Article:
Take meter readings
It's easy to forget this, but take a meter reading for your gas and electricity when you move in (if you are unsure of the location of your meters, ask your accommodation provider). This way, you can pass this on to the suppliers to ensure you aren't charged for the previous usage.
If you have the cost of the bills included in your rent payment, your provider will either keep the utility bills in their name and pay them on your behalf or request that the bills are put in the tenants’ names and the paper bills be passed to them for payment.
Either way, it’s important that you keep track of how much gas and electricity you are using. We recommend you take meter readings on a monthly basis, and you may want to supply this information to the energy supplier and your accommodation provider, to ensure that the bills are not estimated. Energy providers usually over-estimate usage, so you could end up paying more than what you should. It is also important to check with your accommodation provider before the start of a tenancy whether there is a cap on utility bill usage, even if bills are fully inclusive.
Know where the stopcock is
Your mains water tap (stopcock) is the off-switch for all the water in your home. Hopefully you'll never need to use it but if you don't know where it is and a pipe bursts, you'll be powerless to stop it flooding your home.
If you don't know where yours is, check NOW. It could be under the kitchen sink, by the boiler, in the airing cupboard or elsewhere in the property. If you don't know where it is, ask your accommodation provider to show you.
Check your inventory
The accommodation provider may provide a report/inventory to you, however when you move in to the property we recommend you make an inventory/condition report of all the furniture and the condition of all the fixtures and fittings (make sure to take dated photographs of any disrepair or damage, however minor you might consider it to be). We also advise that you sign the inventory and email or post this to your provider, so there is a written record of them being informed of the condition of the property at the very beginning of the tenancy. You should do this even if they do not request an inventory.
Towards the end of the tenancy you should arrange for a property inspection with your accommodation provider or alternatively if this is not possible, complete another inventory/condition report and send this to them again.
Ensure that you have the appropriate household contents insurance cover and that important documents are kept in a secure place ie. safe from fire and flood. Contact your provider if you are unsure what level of insurance is in place, it is likely that they will only have insurance to cover the building, however some providers may include contents insurance as part of your tenancy agreement.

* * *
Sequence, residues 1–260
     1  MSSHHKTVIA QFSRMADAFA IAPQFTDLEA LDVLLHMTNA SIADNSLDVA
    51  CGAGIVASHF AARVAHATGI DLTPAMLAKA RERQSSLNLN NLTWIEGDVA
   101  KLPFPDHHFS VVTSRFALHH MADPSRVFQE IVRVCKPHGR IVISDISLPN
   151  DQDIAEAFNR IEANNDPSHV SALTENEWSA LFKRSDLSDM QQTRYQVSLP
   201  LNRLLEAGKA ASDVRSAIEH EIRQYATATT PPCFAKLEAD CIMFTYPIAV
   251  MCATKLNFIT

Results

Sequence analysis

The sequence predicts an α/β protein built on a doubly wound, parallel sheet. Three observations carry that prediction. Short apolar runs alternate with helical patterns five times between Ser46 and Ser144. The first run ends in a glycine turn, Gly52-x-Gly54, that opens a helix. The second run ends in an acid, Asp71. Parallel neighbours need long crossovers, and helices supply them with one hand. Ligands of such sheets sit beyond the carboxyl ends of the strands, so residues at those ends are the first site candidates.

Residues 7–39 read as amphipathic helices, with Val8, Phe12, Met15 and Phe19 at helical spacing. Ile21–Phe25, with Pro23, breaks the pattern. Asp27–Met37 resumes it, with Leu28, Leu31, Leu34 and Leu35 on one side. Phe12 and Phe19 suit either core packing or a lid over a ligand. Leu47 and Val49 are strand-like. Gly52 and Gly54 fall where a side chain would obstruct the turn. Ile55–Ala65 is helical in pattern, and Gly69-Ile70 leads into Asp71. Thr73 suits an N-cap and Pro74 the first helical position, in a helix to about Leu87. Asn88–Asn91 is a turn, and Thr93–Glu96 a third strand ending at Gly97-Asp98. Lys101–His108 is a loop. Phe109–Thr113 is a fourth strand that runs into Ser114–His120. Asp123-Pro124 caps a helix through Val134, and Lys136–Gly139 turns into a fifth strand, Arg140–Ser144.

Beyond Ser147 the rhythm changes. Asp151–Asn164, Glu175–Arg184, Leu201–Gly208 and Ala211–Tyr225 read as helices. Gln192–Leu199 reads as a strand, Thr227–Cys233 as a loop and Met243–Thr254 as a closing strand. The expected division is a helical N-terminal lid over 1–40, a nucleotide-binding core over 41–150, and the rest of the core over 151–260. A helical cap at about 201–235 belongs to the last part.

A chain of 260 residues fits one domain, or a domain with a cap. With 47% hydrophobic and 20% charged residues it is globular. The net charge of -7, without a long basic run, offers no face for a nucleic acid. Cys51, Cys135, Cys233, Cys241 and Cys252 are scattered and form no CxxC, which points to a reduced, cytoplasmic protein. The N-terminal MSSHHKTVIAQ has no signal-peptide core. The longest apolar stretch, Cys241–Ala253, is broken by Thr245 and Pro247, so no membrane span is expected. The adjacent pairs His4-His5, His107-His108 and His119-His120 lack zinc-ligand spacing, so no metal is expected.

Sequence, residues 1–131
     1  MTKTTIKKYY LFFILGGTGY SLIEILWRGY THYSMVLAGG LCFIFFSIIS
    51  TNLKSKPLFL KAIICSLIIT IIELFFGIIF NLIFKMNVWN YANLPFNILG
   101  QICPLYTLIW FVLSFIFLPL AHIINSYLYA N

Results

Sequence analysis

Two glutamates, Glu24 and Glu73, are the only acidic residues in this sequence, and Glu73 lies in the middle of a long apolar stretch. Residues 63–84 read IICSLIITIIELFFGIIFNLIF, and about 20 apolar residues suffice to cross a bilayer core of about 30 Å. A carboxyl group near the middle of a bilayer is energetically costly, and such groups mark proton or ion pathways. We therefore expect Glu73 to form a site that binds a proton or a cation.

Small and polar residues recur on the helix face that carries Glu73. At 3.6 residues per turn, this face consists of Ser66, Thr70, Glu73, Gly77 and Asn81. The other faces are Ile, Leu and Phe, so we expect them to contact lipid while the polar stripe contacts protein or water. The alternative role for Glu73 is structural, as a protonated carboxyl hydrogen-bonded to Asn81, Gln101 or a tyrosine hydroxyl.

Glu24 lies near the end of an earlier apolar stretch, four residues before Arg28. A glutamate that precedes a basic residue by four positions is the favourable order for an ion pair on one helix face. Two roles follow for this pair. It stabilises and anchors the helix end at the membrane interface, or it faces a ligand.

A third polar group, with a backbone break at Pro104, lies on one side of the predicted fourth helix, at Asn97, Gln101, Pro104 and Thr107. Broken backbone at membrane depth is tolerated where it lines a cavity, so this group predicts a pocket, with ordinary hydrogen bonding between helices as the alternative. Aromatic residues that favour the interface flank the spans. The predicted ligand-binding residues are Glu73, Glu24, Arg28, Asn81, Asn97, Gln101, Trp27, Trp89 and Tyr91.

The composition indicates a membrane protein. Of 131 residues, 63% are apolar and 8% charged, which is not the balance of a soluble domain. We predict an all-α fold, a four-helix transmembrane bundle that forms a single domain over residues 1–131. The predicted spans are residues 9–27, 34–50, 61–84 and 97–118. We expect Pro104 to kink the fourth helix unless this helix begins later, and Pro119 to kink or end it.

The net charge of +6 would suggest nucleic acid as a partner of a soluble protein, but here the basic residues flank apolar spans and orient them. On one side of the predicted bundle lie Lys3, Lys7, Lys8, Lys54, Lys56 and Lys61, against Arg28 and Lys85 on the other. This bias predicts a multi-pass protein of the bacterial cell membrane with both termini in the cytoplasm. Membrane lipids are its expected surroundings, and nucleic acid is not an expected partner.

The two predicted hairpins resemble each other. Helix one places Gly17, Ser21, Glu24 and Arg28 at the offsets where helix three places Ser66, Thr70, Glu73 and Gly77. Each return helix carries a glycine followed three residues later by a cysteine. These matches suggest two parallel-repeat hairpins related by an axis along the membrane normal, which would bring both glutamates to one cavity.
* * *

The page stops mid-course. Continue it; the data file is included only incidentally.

See this handy guide explaining what contents insurance is, what it covers and what to look for when purchasing a policy.
Boiler and appliance manuals
Check to see if your accommodation provider has provided manuals for the use of the boiler and other appliances, as it’s important that you know how to use them correctly to prevent damage. If not, request them from your provider or download them from the internet.
Check you have the correct bins
It's important to keep on top of household waste. Bins need to be put out at the right time and place, and stored away between collection days to ensure they don't get lost or stolen. Visit our dedicated recycling and waste page for further information on managing waste and recycling effectively.
If you rent, whether an entire property or a room in a shared property, you must be covered by a valid TV licence to watch or record television programmes as they're being shown on TV, whether that’s online, on a TV, or on any other device such as laptops, tablets or games consoles. You also need a TV licence if you also wish to download or watch BBC programmes on iPlayer, although you do not require a licence if you only watch on demand or catch up programmes on services including All 4, Sky Go, ITV Hub, Netflix, Amazon & NowTV. If you are unsure on whether you need to be covered by a TV licence, please visit the TV licence FAQ page, and dedicated student TV licence page.
If there’s a joint tenancy agreement for the whole house, you may only need one licence. However, you may need your own licence if your accommodation is self-contained – i.e. you have exclusive access to washing facilities or you have your own entrance to the property. If you have an individual tenancy agreement for your room, you’ll need to be covered by a separate licence. Usually you'll have to organise this yourself (or between yourselves if in a shared house). But speak to your provider first, as they may already have a licence for the property.
Please visit our dedicated fire safety page for top tips to keep safe from fire in your home, and more key information on areas such as planning your escape route.